Rome and Hans China Comparison

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Rome and Hans China Comparison

By | October 2008
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Rome and Hans China Comparison Essay

The ancient empires Rome and Hans China played a vital role in the economic health of Europe and Asia. They were also two of the biggest and most powerful empires of Ancient Europe and Asia. Yet Han China only lasted about 200 years, and Rome for about 900. In the end they were not beaten by any superior force or empire, but by plagues, low birth rates, internal strife and corruption, lower tax income, and barbarians. The continuous attacks by barbarians led them to develop advanced technology to help defend themselves, but led to the downfall of both empires during their final years.

The political structures of both Rome and Han China were based on bureaucratic systems with a strong monarchy set of succession. They strengthened their control by reducing the land holdings of old aristocratic families. However, the reversal of this process led to breakdown of authority in the central government. During its reign of power, the central bureaucracy promoted trading with neighboring societies. However, Rome was more aggressive with its role in trading in the Mediterranean verses Han China’s river trade. Rome’s trade led to a much greater technology, culture, and general transfer of knowledge in areas surrounding the Mediterranean which in turn led to a much longer lasting influence on the world.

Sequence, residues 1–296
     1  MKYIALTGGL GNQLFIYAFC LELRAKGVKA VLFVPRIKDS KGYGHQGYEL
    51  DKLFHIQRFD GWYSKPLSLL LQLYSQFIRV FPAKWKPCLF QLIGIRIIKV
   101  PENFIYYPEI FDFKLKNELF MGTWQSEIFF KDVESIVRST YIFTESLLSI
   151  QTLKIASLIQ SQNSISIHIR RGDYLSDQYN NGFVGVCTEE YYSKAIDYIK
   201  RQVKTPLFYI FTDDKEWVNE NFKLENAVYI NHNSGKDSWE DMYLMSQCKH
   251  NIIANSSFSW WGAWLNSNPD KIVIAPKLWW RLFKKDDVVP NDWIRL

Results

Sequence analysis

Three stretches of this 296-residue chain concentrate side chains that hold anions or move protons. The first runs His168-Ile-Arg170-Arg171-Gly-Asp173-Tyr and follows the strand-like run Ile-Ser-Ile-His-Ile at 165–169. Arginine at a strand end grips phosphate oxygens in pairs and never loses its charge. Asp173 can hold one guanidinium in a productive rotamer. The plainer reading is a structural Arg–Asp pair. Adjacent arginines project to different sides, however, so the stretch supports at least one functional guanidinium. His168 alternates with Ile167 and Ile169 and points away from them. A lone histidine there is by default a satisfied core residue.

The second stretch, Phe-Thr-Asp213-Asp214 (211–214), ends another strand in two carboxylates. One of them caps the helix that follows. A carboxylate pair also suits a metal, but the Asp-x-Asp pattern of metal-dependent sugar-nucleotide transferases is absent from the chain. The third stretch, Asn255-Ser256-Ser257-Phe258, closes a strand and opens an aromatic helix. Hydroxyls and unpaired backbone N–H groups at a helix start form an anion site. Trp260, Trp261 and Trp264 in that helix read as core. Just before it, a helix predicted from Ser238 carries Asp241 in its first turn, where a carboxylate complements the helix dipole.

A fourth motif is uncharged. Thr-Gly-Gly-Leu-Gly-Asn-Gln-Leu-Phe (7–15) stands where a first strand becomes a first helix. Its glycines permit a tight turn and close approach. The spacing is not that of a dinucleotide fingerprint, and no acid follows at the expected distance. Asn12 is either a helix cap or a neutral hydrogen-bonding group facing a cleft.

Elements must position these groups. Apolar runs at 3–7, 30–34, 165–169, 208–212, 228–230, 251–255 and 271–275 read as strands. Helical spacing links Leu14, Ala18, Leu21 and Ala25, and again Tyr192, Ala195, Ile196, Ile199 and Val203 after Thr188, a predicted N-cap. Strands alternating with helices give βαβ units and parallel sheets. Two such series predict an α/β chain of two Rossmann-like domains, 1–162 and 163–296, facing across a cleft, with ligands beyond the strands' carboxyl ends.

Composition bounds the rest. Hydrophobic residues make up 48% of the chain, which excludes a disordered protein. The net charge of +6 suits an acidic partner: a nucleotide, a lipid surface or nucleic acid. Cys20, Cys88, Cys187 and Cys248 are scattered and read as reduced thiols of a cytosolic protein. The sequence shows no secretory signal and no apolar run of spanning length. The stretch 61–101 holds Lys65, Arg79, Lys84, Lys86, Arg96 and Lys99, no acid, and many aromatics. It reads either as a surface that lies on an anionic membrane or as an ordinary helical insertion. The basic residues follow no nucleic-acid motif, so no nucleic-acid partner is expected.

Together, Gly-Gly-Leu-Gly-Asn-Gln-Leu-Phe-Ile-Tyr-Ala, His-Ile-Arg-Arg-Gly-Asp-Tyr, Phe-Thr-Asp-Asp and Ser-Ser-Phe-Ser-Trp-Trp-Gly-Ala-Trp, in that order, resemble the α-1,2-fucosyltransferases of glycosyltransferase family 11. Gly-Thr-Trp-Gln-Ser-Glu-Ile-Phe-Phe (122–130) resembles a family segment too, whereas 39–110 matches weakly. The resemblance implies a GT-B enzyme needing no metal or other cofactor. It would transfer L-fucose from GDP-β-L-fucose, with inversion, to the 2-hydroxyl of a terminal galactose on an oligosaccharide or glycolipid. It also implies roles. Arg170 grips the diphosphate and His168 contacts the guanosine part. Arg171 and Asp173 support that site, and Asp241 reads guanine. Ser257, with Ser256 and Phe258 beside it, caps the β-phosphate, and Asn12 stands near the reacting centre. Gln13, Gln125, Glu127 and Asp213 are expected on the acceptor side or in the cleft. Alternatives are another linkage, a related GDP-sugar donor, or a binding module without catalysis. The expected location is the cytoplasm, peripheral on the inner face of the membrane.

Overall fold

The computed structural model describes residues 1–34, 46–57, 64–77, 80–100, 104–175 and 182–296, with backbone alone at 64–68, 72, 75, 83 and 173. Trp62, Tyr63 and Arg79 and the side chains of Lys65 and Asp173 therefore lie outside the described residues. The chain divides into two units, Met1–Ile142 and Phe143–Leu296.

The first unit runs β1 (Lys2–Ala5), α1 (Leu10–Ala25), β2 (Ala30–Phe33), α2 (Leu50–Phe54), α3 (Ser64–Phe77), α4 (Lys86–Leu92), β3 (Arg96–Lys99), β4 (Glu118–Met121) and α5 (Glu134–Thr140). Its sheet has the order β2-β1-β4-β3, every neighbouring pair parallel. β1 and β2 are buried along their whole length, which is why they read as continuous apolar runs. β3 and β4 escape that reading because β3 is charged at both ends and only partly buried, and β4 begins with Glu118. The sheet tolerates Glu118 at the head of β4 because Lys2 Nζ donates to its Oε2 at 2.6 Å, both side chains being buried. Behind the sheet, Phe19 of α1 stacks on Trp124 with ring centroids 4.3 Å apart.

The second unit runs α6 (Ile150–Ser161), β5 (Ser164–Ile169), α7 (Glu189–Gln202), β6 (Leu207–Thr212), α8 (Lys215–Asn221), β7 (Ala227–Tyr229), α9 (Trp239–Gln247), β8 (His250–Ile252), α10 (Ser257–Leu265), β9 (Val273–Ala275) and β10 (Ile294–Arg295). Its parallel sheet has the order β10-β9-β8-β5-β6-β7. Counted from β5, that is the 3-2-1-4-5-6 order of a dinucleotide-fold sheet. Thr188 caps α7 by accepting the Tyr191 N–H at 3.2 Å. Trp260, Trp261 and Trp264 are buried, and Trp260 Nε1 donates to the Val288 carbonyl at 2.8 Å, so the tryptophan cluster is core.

Although the Roman Empire was large and its resources seemed unlimited, it had trouble keeping barbarians out of its borders. The Roman tactic for managing the barbarians on the western frontier across the Rhine River was to engage in periodic raids/ethnic cleansing so as to devastate barbarian communities so their power and population was held in check. When Constantine became the first Christian emperor, he changed the Roman policy towards barbarians radically. He declared that regular ethnic cleansing/genocide was seen as unchristian and banned this policy. Instead, he paid money/gold to the barbarians in exchange for not...
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